Art of combining innovation, elegance and buzz

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Art of combining innovation, elegance and buzz

Monogrammed Vernis. Birkin. Baguette. Kelly or Jackie?
Can you follow the language of fashion? These are the names of some of the bags that are most in demand by fashionistas around the world.
The public’s fascination with these bags has practically redefined the meaning of style.
Can you look “fashionably correct” by simply toting the right bag? The popularity of these bags would seem to indicate so.
Try finding a Jackie bag. They’re completely sold out, according to a Gucci Korea representative. Not a single Jackie remains in Gucci shops.
Did you say you were looking for a genuine Kelly or Birkin bag? Good luck. Even with a stack of cash you can’t find them in any Hermes store ― anywhere in the world. A frustrated shopper paid more than 10 million won ($8,230), nearly double the list price, for a black-market model.
Monogrammed Vernis in sweet colors ― baby blue, cherry pink or lavender ― top many a shopper’s dream list. And, practically everyone who claims to be fashionable owns Fendi’s phenomenally popular Baguette, though not every Baguette is real.
What created this fascination with bags? The popularity of the Jackie, Kelly and Birkin bags has to do with their vintage glamour, recalling legendary beauties of the not-so-distant past.
The Jackie bag, otherwise known as the Black Line bag, was introduced by Ingrid Bergman in the Roberto Rossellini film “Europa 51” in 1952. In the film, Ms. Bergman carried a crocodile-skin version. Later, the bag was adorned with Gucci logos, made with canvas and trimmed with calfskin or suede.
When the paparazzi captured Jacqueline Kennedy clutching the bag in the 1960s, it instantly became the ultimate accessory for chic women ― and has been Gucci’s best seller ever since.
Hermes’s Kelly bag was originally a haute a courroies, a much bigger bag designed to carry a saddle. It became known as the Kelly bag after Life magazine published a photo of Grace Kelly carrying a small red crocodile version of the bag in 1956, the same year she married Prince Rainier and became the princess of Monaco. The image of the radiantly beautiful Ms. Kelly and her favorite bag turned it into an overnight classic.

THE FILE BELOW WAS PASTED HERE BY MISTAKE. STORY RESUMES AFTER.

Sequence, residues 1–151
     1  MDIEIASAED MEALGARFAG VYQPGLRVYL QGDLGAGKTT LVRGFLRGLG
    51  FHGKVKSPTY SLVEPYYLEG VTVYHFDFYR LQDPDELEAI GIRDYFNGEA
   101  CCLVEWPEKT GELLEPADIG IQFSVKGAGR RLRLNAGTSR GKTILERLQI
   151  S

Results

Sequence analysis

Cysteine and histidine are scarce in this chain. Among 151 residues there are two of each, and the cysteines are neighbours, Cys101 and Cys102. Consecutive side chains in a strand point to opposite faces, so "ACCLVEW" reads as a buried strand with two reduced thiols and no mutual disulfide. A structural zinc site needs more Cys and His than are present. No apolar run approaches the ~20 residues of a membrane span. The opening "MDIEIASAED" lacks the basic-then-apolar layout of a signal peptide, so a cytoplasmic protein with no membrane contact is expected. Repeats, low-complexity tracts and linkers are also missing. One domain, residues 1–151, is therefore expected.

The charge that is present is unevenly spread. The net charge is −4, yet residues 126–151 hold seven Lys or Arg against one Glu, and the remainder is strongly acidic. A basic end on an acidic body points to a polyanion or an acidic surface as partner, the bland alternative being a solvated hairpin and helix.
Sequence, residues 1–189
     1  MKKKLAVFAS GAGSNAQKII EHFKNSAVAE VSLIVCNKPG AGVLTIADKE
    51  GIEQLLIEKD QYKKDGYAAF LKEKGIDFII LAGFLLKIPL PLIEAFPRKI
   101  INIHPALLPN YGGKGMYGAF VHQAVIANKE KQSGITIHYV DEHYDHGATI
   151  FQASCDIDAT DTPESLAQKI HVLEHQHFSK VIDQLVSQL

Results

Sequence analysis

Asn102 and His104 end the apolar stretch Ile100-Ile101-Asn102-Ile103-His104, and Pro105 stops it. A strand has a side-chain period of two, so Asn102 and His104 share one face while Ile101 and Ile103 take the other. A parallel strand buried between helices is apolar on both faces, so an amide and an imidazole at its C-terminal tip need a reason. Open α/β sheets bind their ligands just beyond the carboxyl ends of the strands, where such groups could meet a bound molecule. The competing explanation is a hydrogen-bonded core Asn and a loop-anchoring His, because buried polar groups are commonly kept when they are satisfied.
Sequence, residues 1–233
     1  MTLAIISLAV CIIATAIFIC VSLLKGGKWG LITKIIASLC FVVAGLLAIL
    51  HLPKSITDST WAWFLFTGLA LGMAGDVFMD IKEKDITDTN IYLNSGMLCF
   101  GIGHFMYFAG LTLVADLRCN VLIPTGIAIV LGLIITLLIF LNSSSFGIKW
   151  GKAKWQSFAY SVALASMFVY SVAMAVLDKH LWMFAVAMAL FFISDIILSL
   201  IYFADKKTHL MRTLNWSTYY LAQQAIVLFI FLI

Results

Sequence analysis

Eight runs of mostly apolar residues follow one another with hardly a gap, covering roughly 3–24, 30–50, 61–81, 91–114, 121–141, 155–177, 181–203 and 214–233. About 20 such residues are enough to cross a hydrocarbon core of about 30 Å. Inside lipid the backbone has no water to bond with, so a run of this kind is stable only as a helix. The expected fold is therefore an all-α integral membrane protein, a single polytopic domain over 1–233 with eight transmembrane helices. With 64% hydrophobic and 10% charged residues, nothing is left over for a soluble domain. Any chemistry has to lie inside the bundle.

The Birkin bag was named after the British actress Jane Birkin. Robert Dumas, the former owner of Hermes, sat next to Ms. Birkin on an airplane in 1984 and noted how much difficulty she was having organizing her belongings in a large tote bag. Mr. Dumas then designed a sturdy, classically styled bag for her.
History and traditional styling are elements that are embraced by many fashion fanatics. That is part of the appeal of Louis Vuitton, the well-known French luggage company that was founded in Paris in 1854. Now five generations old, Louis Vuitton has built a reputation for superior craftsmanship and styling that combine tradition and modernity. Its bags have been favorites among celebrities, explorers and cultural icons.
The fervor over Louis Vuitton continues with the new lines introduced by the firm’s creative director, Mark Jacobs. The traditional LV gold-on-brown pattern has given way to bright, light-colored accessory bags, including the Vernis and Murakami bags, reflecting contemporary tastes.
A few years ago, Fendi, the Italian fashion house that specialized in furs and leather goods, designed a new handbag that didn’t relate to beauty, legends or traditions.
When the small bag, called the Baguette, was introduced in 1997, Fendi’s fashion status skyrocketed. The soft, rectangular bag reminded people of a tiny loaf of French bread ― hence the name ―and it became a staple among the fashion elite.
Perhaps it was the simple, feminine, functional design that made it phenomenally popular. With its short strap and small size that made it easy to tuck under the shoulder, it became a daily fashion accessory.
For the casual look, there was a baguette in denim or embossed with double “F” logo. For elegant evening wear, the baguette came adorned with crystal beads, leopard skin or ostrich feathers. For collectors, there was a limited-edition baguette with applique, patchwork or ethnic embroidery.
Today, some 350,000 Fendi Baguettes in 600 styles have been sold worldwide ― not counting the knockoffs that can be found on street corners and at open-air markets anywhere from Seoul to Sao Paulo.


by Ines Cho

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